Shantell Martin Transforms Viacom Hallway Into Large-Scale Artwork

Daina Amorosano by Daina Amorosano, Viacom

If you’ve visited the newly reinvented 7th floor of our NYC headquarters this week, you’ve probably noticed the bold black-and-white artwork that has been hand-drawn in the elevator bank and along the hallways leading to our brand new Wellness Studio, our shiny new Print Lounge and of course the Lodge, our steadfast cafeteria. The work was done at the hand of one Shantell Martin, an artist known for her stream-of-consciousness drawings across unconventional canvases — from walls to cars, faces and more.

We chatted with Shantell to learn more about the project and what she hoped to bring to this heavily trafficked common space. She told us that the message running through this particular work is all about individuals coming together to be better, healthier, more positive, and then collectively building something greater. What a lovely message to walk by every day. You can watch this super cool time-lapsed video of her working on the 7th floor (courtesy of Scratch), above, and read our full conversation, below.

Tell us about your work.

Shantell Martin: My work’s gone through different stages. I moved to Tokyo in 2003 after I finished art school in London. I basically became a VJ, a visual jockey, meaning that I did live drawn visuals – sometimes analog, sometimes digital – to DJs and dances and musicians. I created everything in real-time and then it was projected under a camcorder. I guess that was one phase of my work – very colorful. Then I moved to New York in 2008 and I kind of de-evolved in a way – the tech and venues they have in Tokyo they don’t have in NYC. I picked up pens and you can see the style that is more recognizable, which is bigger, blacker, bolder lines. I came up with this line of drawing on everything – that’s what I do: I draw on cars and walls and people and shoes. Moving here people want to put me in a box – “what’s your medium?” Everything is my medium. I’m in a phase where I’m starting to blend the two [phases] a little bit – I’m learning animation, combining the digital stuff with the analog.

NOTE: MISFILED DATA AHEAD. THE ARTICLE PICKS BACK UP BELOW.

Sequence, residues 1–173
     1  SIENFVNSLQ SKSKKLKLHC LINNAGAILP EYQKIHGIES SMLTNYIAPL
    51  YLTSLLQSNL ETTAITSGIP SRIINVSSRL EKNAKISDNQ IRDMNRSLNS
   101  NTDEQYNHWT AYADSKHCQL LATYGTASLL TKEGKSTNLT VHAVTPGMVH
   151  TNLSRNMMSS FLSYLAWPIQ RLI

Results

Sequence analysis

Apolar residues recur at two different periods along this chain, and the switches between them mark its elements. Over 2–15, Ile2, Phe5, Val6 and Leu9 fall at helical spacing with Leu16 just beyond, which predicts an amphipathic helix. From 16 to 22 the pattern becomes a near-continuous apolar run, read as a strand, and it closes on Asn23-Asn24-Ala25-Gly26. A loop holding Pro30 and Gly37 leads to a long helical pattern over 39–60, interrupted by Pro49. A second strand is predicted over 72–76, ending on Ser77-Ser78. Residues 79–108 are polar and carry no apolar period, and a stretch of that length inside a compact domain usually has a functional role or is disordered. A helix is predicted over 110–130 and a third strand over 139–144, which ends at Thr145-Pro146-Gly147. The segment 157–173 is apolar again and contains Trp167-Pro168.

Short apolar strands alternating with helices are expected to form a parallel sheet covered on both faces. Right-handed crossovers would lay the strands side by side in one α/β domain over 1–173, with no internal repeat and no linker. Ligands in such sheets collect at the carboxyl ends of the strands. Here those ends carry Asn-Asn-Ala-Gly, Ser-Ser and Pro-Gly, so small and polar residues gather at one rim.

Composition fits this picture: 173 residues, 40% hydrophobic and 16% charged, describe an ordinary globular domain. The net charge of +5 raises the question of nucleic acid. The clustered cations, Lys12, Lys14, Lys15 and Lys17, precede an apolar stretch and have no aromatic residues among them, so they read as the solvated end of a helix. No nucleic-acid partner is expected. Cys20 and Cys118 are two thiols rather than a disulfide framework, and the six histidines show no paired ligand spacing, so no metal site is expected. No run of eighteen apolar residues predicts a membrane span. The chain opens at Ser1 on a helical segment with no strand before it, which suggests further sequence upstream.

What about your process?

SM: The theme or way that I work is very spontaneous and intuitive. I never know what the final piece will look like. With the process, sometimes I’ll have keywords or images that I’ll think about when I’m drawing the piece, but the piece comes together through the action of doing it. I read off the atmosphere of the space or music I’m listening to. When I start a drawing, I see the canvas – be it a car or a wall or a face – as a place for lots of possibilities and I start to execute that by creating a really long line, almost like a skeleton or a foundation, which initially fills up the space. Then I’ll step back and look for shapes or lines that remind me of other things – for example if there’s a very smooth, round shape, that might look like the side of a face. And then if that’s the case I’ll draw a nose and a mouth and eyes. It’s sort of like a language or a crossword puzzle in a way; I put down the skeleton or the foundation and then I am equipped to fill in the missing pieces. And one thing leads to another.

What spoke to you about this project, Viacom’s 7th floor, and what was your thinking behind this project specifically?  What were you trying to bring to the floor?

SM: The space is great there. It’s not often that your canvas is around elevator doors, doors, along a hallway. The interesting space allowed me to have that movement that I like when creating a piece – like jumping from one wall to another wall to another wall. And then the concept of the 7th floor is really great: it’s basically a floor where people will come down and meet people. It’s all about wellness and community and experience. And that’s what my work is about: creating an experience, a connection.

I had some key words when creating the piece – for example, some of the network names and some other words regarding the wellness center, the print lounge and the Lodge. I let them unfold naturally within the frame of the drawing. It was very fun. I was thinking about the energy of the space, about people walking through it and discovering new things every time they passed the drawing. It’s a platform for discovery. I’m looking forward to people walking through and then walking through a month later and saying “Oh, I didn’t see that little guy, or that message.” I think that’s really fun.

Is there one cohesive message running through your work on the 7th floor?

SM: There’s a section that says “be well, eat well, drink well, build clean wells” – and that’s all about individuals coming together to be better, more positive, healthier, and then collectively building something greater. I think that message comes through the piece as a whole.

Where do you find inspiration – in general, for your various projects and for this project specifically?

SM: As an artist, you get asked this question a lot and to be honest it changes as I change. Right now, I say the inspiration comes from me. Right now my goals are similar with what’s written on the wall there: to be a better person and a healthier person and a more compassionate person and a person who reacts in a positive way and a person who surrounds herself with positive people. The more I focus on those goals, the more I want to do what I love, which is drawing. I don’t think it can be the other way around – I don’t think I can draw, draw, draw and become a better person. If I focus on being a better person, then I inspire myself to do what I love to do. I think that’s true universally, whether you love to draw or crunch numbers or golf or do needlepoint.

You can learn more about Shantell on her website, or keep up with her on Instagram and Twitter @Shantell_Martin.

Related Posts

  • No Related Posts

Want to leave a comment?